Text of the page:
Please use this identifier to cite or link to this item: http://bura.brunel.ac.uk/handle/2438/14286
Title: Analysis of Logistics Service Quality (LSQ) factors among Net Promoter Score (NPS) segments for third party logistics (3PL) industry in Jordan: Development of LSQ evaluation framework & improvement matrix
Authors: Jum'a, Luay
Advisors: Spiegler, V
Aktas, E
El-Haddadeh, R
Issue Date: 2016
Publisher: Brunel University London
Abstract: Logistics Service Quality (LSQ) is considered one of the most important tools contributing to customer satisfaction which explains the concern of Third Party Logistics service providers (3PLs) in analysing, measuring and improving their LSQ. The limited research performed investigating LSQ and customer satisfaction relationships with adequate segmentation considerations, as well as the limited managerial tools developed to improve LSQ factors in a business-to-business (B2B) context are the main motivations for this study. Therefore, the aim of the study is focused on investigating the LSQ factors that are of most importance to different types of B2B customers, which will be segmented through Net Promoter Score (NPS) latent variable. In addition to this, this work seeks to develop a tool that provides guidance for LSQ improvements in the context of 3PL industry in Jordan. This study utilised systematic literature review (SLR) process in order to identify existing published work; this was achieved through searches in 14 well-known online databases. As a result, a comprehensive LSQ evaluation framework comprising 14 LSQ factors was developed by combining all LSQ factors from previous works. Quantitative analyses were conducted based on questionnaires’ data collected from 293 B2B customers of 3PLs in Jordan. The findings of the study showed that LSQ of 3PL companies in Jordan is at a satisfactory level and supported the significance of the 14 LSQ factors in achieving B2B customer satisfaction. Further, an equation has been developed to predict B2B customer satisfaction based on LSQ factors. In addition, a significant difference in the declared and inferred LSQ importance has been found amongst NPS segments (promoters, passives and detractors) in Jordan and consequently an LSQ improvement matrix has been developed for each segment. Although the study has some limitations of being completed in one country, using crosssectional time horizon and a single key informant for data collection but it contributes to the existing body of knowledge by enhancing current understanding of LSQ factors that lead to B2B customer satisfaction and identifying priorities of LSQ factors to different segments in the 3PL industry. Further, it provides methodological contributions in the use of SLR and post-hoc segmentation. Finally, its managerial implications are useful to practitioners in the 3PL industry since the study developed a comprehensive LSQ evaluation framework and an LSQ improvement tool that can be used by 3PLs in Jordan or any other country which add value to this study.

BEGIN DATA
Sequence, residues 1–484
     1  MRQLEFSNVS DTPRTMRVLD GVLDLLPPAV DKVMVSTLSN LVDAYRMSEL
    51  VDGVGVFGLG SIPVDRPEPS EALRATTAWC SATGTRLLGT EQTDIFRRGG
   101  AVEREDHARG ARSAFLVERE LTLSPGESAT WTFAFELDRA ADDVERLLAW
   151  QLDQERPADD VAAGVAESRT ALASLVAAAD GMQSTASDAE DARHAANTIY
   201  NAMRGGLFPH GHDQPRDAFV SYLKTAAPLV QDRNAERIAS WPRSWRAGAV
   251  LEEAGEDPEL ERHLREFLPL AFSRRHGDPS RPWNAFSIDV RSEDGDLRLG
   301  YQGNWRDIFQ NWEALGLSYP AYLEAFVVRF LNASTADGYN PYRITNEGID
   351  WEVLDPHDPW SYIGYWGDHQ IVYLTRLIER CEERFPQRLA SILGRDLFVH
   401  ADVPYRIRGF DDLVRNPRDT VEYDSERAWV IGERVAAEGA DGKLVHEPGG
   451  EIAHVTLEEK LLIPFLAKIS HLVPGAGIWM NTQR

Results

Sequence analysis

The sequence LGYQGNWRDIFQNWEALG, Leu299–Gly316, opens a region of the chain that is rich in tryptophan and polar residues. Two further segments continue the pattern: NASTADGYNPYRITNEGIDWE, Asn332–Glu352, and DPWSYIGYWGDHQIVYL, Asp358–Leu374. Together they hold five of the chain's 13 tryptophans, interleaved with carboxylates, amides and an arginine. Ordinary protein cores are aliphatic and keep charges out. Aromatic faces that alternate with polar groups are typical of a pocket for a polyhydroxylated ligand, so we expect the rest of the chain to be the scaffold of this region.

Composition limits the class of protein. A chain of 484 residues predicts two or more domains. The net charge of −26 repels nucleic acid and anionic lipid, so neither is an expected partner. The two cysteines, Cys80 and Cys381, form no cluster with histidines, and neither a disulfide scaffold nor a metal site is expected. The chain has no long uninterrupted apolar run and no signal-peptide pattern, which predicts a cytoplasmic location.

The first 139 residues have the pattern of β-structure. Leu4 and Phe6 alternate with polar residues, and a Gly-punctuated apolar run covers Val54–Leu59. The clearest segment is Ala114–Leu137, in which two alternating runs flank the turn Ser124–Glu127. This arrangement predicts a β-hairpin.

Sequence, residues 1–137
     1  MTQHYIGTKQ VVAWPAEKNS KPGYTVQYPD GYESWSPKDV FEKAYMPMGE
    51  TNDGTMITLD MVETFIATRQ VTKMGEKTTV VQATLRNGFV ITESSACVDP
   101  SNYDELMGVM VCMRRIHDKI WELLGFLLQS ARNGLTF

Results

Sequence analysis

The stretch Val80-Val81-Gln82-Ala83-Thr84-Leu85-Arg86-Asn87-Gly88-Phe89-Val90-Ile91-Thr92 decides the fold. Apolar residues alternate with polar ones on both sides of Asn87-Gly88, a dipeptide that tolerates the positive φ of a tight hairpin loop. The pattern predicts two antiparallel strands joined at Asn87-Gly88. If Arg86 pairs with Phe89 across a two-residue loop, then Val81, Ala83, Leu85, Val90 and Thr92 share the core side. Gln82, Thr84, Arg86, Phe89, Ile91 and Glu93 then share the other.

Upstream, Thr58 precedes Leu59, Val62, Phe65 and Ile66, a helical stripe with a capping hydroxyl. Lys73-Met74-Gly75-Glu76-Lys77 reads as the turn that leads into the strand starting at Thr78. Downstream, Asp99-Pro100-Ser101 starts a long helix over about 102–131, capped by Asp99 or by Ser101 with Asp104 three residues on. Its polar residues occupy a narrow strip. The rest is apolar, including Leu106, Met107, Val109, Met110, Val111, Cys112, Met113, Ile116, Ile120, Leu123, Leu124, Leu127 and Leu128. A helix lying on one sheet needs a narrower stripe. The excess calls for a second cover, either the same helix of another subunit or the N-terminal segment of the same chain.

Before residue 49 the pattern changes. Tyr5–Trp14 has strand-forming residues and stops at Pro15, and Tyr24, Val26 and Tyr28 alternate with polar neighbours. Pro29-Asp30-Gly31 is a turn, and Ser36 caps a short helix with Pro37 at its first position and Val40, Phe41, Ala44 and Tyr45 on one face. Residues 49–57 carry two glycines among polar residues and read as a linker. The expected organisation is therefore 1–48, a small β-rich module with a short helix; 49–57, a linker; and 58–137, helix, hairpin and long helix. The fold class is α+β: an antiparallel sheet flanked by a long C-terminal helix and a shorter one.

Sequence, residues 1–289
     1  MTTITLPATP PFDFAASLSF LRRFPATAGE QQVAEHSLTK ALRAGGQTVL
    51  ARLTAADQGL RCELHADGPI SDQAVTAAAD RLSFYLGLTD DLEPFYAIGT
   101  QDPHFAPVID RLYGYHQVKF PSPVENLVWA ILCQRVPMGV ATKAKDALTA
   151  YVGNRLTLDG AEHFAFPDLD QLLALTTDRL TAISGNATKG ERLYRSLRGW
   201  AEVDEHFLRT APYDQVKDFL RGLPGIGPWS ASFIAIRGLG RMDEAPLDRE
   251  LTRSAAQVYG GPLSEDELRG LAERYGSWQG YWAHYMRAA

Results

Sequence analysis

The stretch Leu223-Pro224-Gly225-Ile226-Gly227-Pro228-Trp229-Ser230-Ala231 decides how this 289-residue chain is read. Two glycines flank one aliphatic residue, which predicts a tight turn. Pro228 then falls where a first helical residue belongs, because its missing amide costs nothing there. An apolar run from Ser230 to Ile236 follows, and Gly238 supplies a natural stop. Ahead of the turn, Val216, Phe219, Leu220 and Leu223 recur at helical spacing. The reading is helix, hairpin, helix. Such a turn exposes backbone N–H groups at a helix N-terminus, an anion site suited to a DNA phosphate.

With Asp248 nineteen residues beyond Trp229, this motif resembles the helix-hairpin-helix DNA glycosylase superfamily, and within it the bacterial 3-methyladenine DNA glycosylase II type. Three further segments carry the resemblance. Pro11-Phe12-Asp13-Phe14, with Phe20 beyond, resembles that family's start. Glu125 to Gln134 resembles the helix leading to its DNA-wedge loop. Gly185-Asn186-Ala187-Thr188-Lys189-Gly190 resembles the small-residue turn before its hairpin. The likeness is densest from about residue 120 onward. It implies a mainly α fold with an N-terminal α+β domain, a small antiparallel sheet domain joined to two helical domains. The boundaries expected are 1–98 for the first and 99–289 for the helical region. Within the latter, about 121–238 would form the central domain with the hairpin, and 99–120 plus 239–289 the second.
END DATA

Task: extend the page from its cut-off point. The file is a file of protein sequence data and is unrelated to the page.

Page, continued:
Description: This thesis was submitted for the award of Doctor of Philosophy and was awarded by Brunel University London.
URI: http://bura.brunel.ac.uk/handle/2438/14286
Appears in Collections:Business and Management
Brunel Business School Theses

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